In his second novel, Geye brings the wilderness of northern Minnesotain a lumberjack camp and a small town and aboard a skiff riding the waves of Lake Superiorto crackling, thundering life. Handled less skillfully, Geye's emphasis on one primary trait in his characterstheir intense longing for somewhere to belong and, at the same time, somewhere to be freemight come off as one-dimensional, but here the story and its people achieve remarkable emotional resonance. The echoes of the characters' heartbreak through the generations are as haunting as the howling of the wolves on the wind.” Booklist, starred review
Top Customer Reviews
This was a great book. I loved it. First, the setting is novel. As a city girl who (tragically, inevitably) lives in the desert, I found myself wide-eyed and dazzled by Peter Geye's snowy wilderness in the Midwest. Boats! Apothecaries! People named Hosea and Odd! A fish house! What's a fish house?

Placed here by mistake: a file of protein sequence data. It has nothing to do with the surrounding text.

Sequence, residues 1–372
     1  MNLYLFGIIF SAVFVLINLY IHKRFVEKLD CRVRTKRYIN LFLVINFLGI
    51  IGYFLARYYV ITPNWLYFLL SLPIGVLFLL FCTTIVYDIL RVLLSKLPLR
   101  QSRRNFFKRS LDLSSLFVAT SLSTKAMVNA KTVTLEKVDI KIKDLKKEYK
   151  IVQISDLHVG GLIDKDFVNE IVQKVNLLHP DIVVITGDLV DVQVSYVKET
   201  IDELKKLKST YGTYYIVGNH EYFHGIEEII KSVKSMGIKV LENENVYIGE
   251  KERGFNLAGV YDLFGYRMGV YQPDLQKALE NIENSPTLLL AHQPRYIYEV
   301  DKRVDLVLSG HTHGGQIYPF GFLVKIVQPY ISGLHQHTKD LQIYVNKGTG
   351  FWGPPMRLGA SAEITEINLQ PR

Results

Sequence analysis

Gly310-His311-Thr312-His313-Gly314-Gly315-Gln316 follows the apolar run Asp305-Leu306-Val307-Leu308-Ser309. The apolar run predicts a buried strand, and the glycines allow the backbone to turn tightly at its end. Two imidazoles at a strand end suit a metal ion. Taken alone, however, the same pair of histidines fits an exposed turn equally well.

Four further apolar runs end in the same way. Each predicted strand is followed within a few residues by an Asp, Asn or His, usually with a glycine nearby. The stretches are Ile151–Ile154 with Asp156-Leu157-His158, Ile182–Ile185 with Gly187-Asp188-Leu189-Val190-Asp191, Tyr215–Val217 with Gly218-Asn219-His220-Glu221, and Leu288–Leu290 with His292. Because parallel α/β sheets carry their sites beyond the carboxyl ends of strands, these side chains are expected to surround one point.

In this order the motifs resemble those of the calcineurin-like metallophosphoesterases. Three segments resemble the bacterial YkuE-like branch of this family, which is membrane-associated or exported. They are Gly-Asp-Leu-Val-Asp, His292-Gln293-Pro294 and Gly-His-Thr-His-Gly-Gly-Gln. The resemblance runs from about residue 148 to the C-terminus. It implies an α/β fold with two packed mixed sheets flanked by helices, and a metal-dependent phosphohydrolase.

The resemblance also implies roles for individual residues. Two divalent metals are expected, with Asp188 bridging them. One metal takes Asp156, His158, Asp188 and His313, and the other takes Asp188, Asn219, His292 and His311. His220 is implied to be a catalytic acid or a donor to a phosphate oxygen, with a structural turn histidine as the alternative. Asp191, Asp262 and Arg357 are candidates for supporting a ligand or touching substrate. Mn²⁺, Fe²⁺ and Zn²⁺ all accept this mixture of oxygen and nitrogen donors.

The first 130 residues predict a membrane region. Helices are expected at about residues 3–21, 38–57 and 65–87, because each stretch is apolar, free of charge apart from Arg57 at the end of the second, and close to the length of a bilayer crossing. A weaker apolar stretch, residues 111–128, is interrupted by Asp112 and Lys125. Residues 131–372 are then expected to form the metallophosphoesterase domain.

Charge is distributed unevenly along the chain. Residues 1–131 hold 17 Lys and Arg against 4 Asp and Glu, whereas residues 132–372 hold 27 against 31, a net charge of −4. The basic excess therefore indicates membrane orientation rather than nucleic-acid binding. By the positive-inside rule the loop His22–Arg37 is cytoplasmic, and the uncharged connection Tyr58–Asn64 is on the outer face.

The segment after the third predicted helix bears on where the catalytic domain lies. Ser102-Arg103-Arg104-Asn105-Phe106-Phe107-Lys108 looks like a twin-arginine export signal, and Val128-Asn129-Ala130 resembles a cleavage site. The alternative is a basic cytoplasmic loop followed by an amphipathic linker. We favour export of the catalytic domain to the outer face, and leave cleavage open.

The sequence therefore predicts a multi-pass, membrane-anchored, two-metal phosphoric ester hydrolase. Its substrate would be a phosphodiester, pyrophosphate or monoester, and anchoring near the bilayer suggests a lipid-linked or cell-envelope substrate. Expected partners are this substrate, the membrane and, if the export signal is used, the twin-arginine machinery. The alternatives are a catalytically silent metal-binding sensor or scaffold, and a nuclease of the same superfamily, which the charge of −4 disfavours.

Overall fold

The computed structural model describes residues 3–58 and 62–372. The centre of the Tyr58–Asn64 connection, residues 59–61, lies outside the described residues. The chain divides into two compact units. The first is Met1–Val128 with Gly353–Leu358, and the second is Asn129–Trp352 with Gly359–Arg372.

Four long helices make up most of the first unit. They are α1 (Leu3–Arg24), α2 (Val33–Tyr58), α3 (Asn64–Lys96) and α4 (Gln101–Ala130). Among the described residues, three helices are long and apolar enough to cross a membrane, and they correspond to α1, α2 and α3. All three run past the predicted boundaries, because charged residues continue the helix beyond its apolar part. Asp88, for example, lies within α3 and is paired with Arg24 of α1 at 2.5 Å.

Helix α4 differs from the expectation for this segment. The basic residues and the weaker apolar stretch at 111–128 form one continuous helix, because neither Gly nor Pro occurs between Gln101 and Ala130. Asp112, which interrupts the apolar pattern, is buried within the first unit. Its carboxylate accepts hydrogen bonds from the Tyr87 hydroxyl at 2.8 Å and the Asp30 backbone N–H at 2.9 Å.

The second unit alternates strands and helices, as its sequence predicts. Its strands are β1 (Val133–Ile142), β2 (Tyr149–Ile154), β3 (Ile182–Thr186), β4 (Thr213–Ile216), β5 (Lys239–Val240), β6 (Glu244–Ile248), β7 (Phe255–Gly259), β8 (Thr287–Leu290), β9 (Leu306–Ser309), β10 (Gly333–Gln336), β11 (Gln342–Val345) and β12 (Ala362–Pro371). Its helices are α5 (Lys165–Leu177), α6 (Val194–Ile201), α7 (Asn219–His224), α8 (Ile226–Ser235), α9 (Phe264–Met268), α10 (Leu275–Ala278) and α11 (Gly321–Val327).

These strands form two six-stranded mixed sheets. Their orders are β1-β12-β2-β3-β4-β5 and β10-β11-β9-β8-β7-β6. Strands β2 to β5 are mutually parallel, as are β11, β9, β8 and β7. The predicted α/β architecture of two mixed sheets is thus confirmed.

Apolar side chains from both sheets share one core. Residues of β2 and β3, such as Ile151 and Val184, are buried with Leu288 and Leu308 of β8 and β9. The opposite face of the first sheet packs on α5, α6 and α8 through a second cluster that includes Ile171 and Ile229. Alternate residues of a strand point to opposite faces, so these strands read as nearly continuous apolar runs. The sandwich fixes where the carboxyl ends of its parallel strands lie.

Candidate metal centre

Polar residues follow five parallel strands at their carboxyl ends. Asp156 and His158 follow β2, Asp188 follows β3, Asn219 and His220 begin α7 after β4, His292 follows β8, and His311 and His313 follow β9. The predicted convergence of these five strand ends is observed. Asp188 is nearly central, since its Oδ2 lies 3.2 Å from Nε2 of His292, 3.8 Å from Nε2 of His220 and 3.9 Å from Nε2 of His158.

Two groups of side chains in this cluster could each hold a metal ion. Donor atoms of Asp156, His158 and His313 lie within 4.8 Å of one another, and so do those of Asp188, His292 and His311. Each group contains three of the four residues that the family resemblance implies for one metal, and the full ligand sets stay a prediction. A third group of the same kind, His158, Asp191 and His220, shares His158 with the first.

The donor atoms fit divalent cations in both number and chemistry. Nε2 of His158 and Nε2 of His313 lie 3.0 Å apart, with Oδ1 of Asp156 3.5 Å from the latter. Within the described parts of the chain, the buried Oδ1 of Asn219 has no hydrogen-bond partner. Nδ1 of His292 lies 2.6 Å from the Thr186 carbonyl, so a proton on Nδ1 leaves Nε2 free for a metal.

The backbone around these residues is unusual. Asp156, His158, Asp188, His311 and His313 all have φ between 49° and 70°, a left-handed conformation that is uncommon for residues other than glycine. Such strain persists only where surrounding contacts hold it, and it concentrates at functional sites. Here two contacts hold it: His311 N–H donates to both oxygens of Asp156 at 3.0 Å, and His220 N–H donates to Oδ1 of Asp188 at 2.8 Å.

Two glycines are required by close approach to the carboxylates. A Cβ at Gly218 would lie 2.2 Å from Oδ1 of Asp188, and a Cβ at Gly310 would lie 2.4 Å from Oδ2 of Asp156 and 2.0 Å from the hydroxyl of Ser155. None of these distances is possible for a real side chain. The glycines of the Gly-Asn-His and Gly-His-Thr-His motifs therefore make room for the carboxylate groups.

But it's the story, which is ultimately about survivors. People who make it. Though there is a life-threatening bear attack, I'm talking about other kinds of survival: enduring, persevering, and overcoming personal and historical legacies, the human-centric kind--crossing oceans in search of a new life, getting nursed by quacks or fleeing brothels, suffering from the weight of your lineage or lack of one. Some people go on; others do not. Some people live well; others flounder in their past. I found this book rich in such musings.